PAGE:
Ben Goldacre, the doctor whose Guardian column (and best-selling book) so brilliantly exposed scientific hocum and quackery, always came down hard on journalists. And you can understand why when you see “investigations” like the one in The Sunday Times last week. ‘Five-a-day foods packed with sugar,’ it screamed. That’s right. From the newspaper that broke the thalidomide case, Israel’s nuclear plans and the FIFA cash for votes scandal, comes the stunning revelation that fruit contains sugar. Not surprisingly, suppliers and retailers who are trying to do the right thing by creating healthier foods are furious as they have been blithely cast as immoral junk food peddlers.
“Suppliers and retailers trying to create healthier foods are blithely cast as immoral junk food peddlers”
Adam Leyland, Editor
But journalists are by no means the only guilty party. And believe it or not, there was an even more alarming case this week involving the National Obesity Forum. Its State of the Nation’s Waistline report, which claimed the UK’s obesity epidemic was worse than had been feared in a 2007 Foresight Report, was splashed by the Mail and The Times, and covered extensively by the BBC and other media.
Shamefully, no media actually challenged the NOF on the source of its revised predictions, nor claims by spokesman Tam Fry that Britain was falling behind the US in improving diets.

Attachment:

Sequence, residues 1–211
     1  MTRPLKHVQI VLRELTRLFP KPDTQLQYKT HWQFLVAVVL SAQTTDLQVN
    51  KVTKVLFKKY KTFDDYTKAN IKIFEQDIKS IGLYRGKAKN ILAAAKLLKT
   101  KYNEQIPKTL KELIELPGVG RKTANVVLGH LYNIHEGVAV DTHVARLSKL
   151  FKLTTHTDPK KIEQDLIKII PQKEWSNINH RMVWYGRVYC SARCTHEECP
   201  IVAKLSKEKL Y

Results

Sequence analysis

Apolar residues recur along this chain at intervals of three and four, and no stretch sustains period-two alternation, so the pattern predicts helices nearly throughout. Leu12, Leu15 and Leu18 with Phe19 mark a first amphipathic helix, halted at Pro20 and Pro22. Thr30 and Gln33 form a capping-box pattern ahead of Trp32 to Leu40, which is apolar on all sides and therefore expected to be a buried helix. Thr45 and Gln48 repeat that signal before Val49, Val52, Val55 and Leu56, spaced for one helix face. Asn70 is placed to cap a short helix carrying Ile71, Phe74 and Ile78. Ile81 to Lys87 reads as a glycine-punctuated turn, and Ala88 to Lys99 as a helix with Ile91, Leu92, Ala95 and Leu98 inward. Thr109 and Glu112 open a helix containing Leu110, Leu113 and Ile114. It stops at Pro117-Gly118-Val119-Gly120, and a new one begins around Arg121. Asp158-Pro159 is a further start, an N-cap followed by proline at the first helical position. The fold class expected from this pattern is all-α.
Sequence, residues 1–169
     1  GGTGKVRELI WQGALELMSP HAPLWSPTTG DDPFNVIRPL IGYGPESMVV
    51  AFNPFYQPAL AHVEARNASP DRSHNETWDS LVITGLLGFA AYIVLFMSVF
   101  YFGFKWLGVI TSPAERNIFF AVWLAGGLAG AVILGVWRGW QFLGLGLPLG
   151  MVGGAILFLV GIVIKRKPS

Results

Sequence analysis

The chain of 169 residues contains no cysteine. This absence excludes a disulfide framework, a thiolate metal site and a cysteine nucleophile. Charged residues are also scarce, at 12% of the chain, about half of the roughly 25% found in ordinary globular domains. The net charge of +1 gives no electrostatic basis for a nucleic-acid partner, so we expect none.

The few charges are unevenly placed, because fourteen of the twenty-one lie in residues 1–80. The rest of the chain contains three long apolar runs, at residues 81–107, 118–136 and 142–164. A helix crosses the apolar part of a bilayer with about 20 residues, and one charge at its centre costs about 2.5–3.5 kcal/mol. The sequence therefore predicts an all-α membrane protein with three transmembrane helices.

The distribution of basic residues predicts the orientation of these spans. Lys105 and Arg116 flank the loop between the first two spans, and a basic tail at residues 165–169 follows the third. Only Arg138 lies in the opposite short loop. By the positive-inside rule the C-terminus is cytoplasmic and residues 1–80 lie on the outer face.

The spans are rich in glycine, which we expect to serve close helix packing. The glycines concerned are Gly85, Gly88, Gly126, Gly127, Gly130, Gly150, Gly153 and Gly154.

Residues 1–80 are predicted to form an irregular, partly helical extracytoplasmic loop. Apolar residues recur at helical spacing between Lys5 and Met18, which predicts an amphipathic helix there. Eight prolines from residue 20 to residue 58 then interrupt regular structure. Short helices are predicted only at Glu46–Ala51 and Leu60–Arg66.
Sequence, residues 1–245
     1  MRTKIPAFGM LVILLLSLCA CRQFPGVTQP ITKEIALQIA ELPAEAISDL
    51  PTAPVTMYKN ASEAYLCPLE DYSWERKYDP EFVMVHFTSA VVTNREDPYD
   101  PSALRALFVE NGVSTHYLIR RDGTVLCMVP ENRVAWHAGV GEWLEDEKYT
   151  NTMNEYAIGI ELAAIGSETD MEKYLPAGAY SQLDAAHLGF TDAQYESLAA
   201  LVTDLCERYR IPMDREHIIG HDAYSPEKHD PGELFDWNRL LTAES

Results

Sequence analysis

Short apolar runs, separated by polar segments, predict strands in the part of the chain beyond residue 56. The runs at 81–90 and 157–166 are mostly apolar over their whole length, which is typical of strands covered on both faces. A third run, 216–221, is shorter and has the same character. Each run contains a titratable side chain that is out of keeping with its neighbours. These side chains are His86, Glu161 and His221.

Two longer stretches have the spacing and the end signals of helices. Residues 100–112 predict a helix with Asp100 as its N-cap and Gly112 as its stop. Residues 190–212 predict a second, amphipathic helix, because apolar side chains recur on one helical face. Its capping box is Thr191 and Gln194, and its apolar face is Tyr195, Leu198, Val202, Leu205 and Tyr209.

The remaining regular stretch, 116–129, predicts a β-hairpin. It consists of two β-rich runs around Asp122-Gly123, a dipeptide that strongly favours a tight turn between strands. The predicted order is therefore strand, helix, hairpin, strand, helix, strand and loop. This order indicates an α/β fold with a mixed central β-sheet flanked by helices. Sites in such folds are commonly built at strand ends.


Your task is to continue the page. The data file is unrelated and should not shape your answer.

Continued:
Except The Grocer.
Even more shamefully, after we revealed on thegrocer.co.uk earlier this week that the authors of the original Foresight Report disputed the robustness of the NOF report, Fry admitted to The Grocer there was “no evidence” and “no statistics” to back up its claims.
It’s not the only sacred cow The Grocer has dared to challenge in the past week. With near universal media coverage of CASH’s decision to turn its guns on sugar last week, we went to other, better qualified scientists, for an alternative view. They shared our concern that, in the obesity debate, health lobbyists (and journalists) are obsessing over the perils of sugar (in fruit or otherwise), to the detriment of reason and sound scientific evidence. And they have comprehensive evidence to back this up.
Make no mistake. Obesity is a big problem in this country. And the industry must take some share of the blame. But, as we promised in the first ever edition of The Grocer, in 1862, “we shall oppose, to the best of our ability, indiscriminate onslaughts made on the trade by conceited ignorance or, may be, from interested motives”, and 152 years later, our mission remains the same.